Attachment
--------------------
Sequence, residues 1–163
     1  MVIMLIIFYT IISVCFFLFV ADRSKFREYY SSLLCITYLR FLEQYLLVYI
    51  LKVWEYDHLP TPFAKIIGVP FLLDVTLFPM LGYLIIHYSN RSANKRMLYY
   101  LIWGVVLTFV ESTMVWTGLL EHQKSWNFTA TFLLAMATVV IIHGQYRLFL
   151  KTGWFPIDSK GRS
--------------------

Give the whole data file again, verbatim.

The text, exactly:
Sequence, residues 1–163
     1  MVIMLIIFYT IISVCFFLFV ADRSKFREYY SSLLCITYLR FLEQYLLVYI
    51  LKVWEYDHLP TPFAKIIGVP FLLDVTLFPM LGYLIIHYSN RSANKRMLYY
   101  LIWGVVLTFV ESTMVWTGLL EHQKSWNFTA TFLLAMATVV IIHGQYRLFL
   151  KTGWFPIDSK GRS